“Let your partner know this amount and emphasize how it’s important emotionally and physically. Go over the list of responsibilities so that each person knows what needs to get done in the meantime,” Greer says. “Make sure it’s balanced.”

A couple of months ago, Smykot and her husband sat down to talk. She told him she had had enough, and they decided to fit free time for both of them into their schedules.

“That means Tuesdays and Thursdays, he’s responsible for picking up our son from daycare and then starting dinner and getting him fed,” she says. They also alternate putting their son to bed and taking the dog out for a walk. And Smykot recently joined a neighbourhood association to engage herself socially.

“Since we’ve allocated free time for each one of us, things just got exponentially better,” she says.

Rowinksi had a similar conversation with her husband a year ago. Their solution meant changes for the entire family – including no working in the evenings, and trying not to overschedule their kids. Weekends are totally for family.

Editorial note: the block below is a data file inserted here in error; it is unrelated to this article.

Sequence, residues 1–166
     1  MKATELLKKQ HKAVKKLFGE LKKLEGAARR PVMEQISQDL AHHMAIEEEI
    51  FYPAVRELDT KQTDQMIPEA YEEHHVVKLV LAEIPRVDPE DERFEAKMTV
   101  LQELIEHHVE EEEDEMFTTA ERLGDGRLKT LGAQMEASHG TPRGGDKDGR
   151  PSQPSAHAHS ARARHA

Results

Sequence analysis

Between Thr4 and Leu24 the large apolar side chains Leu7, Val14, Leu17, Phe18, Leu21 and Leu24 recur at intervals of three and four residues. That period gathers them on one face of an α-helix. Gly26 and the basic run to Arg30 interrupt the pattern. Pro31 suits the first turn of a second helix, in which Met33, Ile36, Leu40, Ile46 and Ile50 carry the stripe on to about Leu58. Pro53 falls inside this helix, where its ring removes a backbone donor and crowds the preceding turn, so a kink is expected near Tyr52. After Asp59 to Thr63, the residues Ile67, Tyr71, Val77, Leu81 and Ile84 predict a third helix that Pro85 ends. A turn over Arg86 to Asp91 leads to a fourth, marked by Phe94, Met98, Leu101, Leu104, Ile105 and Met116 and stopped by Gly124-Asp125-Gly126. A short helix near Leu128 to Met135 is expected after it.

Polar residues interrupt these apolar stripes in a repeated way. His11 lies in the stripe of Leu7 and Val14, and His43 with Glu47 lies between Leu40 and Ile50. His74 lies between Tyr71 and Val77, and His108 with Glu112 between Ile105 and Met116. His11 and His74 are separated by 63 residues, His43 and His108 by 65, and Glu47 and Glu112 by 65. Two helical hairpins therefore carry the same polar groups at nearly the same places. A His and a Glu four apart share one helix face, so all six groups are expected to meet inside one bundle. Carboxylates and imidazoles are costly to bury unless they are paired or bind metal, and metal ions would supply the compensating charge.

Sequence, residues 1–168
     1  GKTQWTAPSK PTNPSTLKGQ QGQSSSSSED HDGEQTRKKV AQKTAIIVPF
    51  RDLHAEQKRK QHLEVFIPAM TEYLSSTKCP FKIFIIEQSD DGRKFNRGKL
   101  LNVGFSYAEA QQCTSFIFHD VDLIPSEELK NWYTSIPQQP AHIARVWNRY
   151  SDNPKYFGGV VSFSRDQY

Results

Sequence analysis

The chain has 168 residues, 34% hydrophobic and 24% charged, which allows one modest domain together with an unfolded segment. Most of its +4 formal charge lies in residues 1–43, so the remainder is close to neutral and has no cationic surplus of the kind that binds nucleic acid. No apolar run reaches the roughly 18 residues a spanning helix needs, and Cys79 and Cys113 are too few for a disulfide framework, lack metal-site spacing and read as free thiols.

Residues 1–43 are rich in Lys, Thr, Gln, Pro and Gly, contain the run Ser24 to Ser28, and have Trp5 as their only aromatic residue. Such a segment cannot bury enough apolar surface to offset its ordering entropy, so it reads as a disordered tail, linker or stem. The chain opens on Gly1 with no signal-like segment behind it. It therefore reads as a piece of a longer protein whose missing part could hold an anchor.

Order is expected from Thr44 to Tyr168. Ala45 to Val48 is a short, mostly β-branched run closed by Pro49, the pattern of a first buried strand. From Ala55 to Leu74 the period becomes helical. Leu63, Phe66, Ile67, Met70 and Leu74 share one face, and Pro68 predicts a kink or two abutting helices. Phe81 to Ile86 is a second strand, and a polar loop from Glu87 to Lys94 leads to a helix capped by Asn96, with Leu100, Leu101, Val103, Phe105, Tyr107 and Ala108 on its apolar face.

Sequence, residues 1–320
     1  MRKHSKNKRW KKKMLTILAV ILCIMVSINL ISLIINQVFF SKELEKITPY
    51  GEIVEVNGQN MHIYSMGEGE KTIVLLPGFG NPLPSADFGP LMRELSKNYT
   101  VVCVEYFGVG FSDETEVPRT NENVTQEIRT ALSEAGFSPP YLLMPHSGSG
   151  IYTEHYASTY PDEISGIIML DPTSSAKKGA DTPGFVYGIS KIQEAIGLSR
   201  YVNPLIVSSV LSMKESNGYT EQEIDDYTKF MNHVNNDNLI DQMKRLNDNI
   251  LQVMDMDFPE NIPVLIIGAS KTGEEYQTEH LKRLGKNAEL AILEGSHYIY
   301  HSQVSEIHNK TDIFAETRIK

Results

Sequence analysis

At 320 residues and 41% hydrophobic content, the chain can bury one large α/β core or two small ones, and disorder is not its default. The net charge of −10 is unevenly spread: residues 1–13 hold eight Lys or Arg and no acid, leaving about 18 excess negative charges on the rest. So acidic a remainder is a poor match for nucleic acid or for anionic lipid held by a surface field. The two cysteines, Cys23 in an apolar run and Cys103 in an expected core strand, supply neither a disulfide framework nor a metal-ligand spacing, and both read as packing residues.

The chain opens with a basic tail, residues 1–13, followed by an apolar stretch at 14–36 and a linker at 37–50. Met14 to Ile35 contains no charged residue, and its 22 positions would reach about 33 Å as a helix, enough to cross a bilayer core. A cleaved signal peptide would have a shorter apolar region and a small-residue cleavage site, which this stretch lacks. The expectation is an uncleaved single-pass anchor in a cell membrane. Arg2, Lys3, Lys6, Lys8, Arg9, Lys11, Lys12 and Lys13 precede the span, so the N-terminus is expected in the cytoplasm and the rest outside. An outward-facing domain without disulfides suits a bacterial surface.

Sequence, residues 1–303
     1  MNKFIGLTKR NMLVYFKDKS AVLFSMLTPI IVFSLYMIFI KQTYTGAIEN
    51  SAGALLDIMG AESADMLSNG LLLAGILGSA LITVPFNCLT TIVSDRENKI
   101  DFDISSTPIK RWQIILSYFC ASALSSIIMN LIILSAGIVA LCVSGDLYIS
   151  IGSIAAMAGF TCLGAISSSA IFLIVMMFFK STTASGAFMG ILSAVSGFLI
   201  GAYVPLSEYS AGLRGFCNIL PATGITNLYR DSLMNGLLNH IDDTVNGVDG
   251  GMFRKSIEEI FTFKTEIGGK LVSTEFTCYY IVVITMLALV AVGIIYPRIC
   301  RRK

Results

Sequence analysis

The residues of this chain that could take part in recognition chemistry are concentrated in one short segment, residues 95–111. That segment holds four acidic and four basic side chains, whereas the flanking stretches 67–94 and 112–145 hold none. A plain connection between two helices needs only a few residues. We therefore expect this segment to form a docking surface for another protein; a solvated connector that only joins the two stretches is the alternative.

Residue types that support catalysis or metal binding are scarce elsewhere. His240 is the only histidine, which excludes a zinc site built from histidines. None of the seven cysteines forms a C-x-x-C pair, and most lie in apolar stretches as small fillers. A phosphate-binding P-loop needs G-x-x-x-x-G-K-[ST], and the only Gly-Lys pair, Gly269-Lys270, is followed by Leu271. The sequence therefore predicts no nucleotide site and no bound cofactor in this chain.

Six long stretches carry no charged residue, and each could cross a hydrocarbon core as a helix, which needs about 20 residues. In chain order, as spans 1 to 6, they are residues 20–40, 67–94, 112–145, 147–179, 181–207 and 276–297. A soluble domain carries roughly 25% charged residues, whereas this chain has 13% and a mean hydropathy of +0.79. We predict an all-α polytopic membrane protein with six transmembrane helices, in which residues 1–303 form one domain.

“If I’m not running from one thing to the next I’m happier, I’m more calm, I’m a better parent,” Rowinski says. She still doesn’t have endless amounts of free time, maybe an hour every other evening. But that’s an hour she spends doing something she enjoys – and reading a book is much more satisfying than arguing.


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Why Clutter is BAD for your Health

So you come home after a busy day at work and sit down on the couch in front of the TV and plop your feet on your “antiquish” coffee table. As you open your eyes after waking up from your 2-second nap, you realize the piles of stuff around you. Your mind has now become distressed and goes into overdrive to process your space.

The Effects of Clutter and Stress